IAM quick notes for AWS Solution Architect Certification


  1. IAM is used to securely control individual and group access to AWS resources

2. IAM can be used to manage:

  • Users
  • Groups
  • Access policies
  • Roles
  • User credentials
  • User password policies
  • Multi-factor authentication (MFA)
  • API keys for programmatic access (CLI)

3. By default, new users are created with NO access to any AWS services

4. IAM is universal (global) and does not apply to regions

5. IAM is eventually consistent

Authentication methods:

  • Console password — use to login to AWS Management Console
  • Access keys — used for programmatic access
  • Server certificates — uses SSL/TLS certificates

IAM Users

  • IAM user is an entity that represents a person or service.
  • Root user credentials are the email address used to create the account and a password.
  • The root account has full administrative permissions, and these cannot be restricted.
  • You can have up to 5000 users per AWS account

IAM Groups

  • Groups are collections of users and have policies attached to them
  • A group is not an identity and cannot be identified as a principal in an IAM policy
  • You cannot nest groups (groups within groups)

IAM Roles

  • Roles are created and then “assumed” by trusted entities
  • With IAM Roles you can delegate permissions to resources for users and services
  • IAM users or AWS services can assume a role to obtain temporary security credentials
  • Temporary security credentials are issued by the AWS Security Token Service (STS)

IAM Policies

  • Policies are documents that define permissions and can be applied to users, groups, and roles
  • Policy documents are written in JSON
  • All permissions are implicitly denied by default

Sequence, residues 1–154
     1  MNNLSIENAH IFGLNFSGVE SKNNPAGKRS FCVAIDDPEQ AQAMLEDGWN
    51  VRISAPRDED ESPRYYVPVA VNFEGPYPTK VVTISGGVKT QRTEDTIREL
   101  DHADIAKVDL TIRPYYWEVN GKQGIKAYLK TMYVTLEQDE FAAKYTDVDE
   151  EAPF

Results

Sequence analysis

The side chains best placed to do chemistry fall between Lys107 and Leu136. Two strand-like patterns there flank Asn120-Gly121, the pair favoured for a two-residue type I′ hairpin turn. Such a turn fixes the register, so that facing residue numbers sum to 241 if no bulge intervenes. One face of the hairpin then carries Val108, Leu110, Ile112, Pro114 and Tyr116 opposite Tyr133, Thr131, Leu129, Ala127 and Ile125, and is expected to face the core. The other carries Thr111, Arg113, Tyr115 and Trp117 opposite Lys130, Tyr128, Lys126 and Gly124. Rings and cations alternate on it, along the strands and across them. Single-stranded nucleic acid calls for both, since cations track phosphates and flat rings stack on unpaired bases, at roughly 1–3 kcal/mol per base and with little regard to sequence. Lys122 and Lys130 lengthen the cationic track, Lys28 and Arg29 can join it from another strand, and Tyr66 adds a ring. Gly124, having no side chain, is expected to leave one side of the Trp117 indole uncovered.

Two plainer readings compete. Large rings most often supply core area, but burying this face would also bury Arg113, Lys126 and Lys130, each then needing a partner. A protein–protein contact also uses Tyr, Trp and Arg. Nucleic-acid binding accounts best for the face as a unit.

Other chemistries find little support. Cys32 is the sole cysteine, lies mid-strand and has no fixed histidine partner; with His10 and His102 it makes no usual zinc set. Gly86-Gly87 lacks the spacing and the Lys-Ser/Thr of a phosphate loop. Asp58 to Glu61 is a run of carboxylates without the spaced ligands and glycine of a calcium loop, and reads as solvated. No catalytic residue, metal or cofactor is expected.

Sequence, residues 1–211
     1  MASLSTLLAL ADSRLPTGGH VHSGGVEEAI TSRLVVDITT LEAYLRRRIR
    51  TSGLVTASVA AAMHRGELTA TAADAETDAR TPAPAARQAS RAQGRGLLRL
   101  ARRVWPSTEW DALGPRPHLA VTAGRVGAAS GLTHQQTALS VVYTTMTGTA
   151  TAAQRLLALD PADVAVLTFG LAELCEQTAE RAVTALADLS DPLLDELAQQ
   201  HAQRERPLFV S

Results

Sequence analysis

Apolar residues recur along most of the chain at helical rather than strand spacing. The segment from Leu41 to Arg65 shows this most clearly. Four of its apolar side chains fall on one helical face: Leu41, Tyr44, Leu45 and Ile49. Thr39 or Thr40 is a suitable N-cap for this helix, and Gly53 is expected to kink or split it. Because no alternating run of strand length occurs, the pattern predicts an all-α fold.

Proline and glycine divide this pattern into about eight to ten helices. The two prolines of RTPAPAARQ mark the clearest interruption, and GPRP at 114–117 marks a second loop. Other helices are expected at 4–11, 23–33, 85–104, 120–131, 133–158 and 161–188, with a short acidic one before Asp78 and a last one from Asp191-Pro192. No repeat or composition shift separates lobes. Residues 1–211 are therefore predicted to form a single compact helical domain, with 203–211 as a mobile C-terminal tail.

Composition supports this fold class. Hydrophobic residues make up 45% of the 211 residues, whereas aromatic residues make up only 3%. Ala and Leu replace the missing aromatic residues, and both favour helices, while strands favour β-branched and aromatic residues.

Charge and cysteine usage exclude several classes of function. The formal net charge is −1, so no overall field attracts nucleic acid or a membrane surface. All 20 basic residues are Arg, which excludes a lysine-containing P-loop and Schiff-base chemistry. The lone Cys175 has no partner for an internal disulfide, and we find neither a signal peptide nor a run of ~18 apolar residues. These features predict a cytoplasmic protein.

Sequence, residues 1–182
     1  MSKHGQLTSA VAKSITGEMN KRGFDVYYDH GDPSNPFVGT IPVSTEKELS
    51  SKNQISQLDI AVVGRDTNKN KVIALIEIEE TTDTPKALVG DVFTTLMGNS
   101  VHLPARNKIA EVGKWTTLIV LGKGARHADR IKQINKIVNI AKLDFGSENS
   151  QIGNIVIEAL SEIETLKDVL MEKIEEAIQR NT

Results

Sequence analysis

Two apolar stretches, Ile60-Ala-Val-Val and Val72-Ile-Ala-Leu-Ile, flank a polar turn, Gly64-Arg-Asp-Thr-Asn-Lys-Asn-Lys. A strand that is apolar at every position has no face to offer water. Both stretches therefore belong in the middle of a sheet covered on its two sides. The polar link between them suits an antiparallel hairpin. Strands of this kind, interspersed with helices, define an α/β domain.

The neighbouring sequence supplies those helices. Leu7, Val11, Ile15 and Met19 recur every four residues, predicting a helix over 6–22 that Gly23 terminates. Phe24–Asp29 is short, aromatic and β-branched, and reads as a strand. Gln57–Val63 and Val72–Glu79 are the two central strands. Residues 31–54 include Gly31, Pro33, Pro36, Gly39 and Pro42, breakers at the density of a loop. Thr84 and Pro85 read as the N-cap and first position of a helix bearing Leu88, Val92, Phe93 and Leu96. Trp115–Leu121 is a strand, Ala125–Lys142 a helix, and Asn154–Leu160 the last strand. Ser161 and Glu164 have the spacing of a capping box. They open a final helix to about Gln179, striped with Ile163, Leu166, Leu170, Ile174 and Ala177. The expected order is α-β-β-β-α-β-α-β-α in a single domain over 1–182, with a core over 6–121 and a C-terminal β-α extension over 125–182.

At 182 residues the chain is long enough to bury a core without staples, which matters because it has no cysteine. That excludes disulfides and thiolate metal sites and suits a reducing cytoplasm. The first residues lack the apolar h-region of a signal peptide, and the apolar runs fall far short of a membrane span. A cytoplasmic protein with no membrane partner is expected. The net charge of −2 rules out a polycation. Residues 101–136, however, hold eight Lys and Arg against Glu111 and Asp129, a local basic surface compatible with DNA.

• The most restrictive policy is applied

Types of IAM Policy

  1. Identity-based policies — attached to users, groups, or roles
  2. Resource-based policies — attached to a resource; define permissions for a principal accessing the resource
  3. IAM permissions boundaries — set the maximum permissions an identity-based policy can grant an IAM entity
  4. AWS Organizations service control policies (SCP) — specify the maximum permissions for an organization or OU ( Organisational Unit )
  5. Session policies — used with AssumeRole* API actions

IAM Best Practices

  • Lock away your AWS account root user access keys
  • Create individual IAM users
  • Use groups to assign permissions to IAM users
  • Grant least privilege
  • Get started using permissions with AWS-managed policies
  • Use customer-managed policies instead of inline policies
  • Use access levels to review IAM permissions
  • Configure a strong password policy for your users
  • Enable MFA
  • Use roles for applications that run on Amazon EC2 instances
  • Use roles to delegate permissions
  • Do not share access keys
  • Rotate credentials regularly
  • Remove unnecessary credentials
  • Use policy conditions for extra security
  • Monitor activity in your AWS account


Domain: 3. Design Secure Applications and Architectures

Subdomain: 1. Design secure access to AWS resources

Possible No of Questions: 4 ( approx )

Question patterns:

  • Determine when to choose between users, groups, and roles
  • Interpret the net effect of a given access policy.
  • Select appropriate techniques to secure a root account.
  • Determine ways to secure credentials using features of AWS IAM.
  • Determine the secure method for an application to access AWS APIs.

Writer: Mounick



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